Computers are hard – I am quickly reminded of this whenever I have to help one of my parents troubleshoot a computer problem. “Gosh, mom, learn how to use a computer!” I usually think to myself. Yet, even for me, I’m sometimes left scratching my head at finding a solution for getting a printer back to working order. For many – beyond web browsing and checking email – computers have remained difficult black boxes used out of a necessity or requirement.
Sure – computers today look nicer, the experience using them has improved, and we can do exponentially more with them following Moore’s law. But my central observation remains: computers are still hard to use. I’ve been reflecting on this topic – among others – as office-based businesses rapidly had to adjust to work-from-home setups in the era of COVID-19.
While we have come a long way in being able to provide teams with virtual IT support, ultimately conducting business from a home office puts more onus on the computer user to be self-sufficient with their technology. The ease or difficulty of a particular technology greatly plays into the topic of self-sufficiency and it got me thinking – are building professionals equipped for the changes in front of them?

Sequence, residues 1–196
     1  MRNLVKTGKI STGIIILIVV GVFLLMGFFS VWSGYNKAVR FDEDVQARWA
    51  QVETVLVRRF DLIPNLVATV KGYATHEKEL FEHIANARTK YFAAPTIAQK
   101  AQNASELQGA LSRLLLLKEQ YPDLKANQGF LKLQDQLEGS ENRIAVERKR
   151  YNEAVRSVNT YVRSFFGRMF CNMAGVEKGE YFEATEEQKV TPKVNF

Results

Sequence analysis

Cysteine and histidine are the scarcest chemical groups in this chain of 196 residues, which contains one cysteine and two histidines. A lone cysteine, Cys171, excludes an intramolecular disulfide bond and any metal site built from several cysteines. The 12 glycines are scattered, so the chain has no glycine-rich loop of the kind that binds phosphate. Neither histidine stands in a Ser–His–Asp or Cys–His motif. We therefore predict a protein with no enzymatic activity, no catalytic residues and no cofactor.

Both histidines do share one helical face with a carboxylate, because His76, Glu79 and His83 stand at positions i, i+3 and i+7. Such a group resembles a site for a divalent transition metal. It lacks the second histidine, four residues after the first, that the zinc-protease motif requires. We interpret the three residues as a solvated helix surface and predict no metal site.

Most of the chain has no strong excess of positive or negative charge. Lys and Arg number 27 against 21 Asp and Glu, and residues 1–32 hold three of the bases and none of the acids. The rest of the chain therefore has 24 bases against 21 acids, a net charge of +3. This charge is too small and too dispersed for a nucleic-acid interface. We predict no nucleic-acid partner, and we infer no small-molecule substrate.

Which brings me to the topic building design technology…
If fixing my mother’s broken printer driver is an inconvenient detour on a neighborhood stroll, using Revit is climbing Mount Everest without equipment.
Consider the adoption curve architects and construction professionals have been on with BIM: it has been 18 years since Autodesk acquired Revit Technology Corporation and yet a visit to a digital design conference (remember those, fellow quarantiners?) will reveal continued discussions about the challenges of staff training, low levels of standardization, and labyrinthine project workflow diagrams.
Easier does not mean ‘not hard’
You may be asking “But aren’t our industry’s design tools getting easier relatively speaking?” Yes – but “getting easier” is not equivalent to “not hard.” Revit has seen many UI and feature improvements that have arguably made some things easier over time – but it remains a very difficult program to learn and use.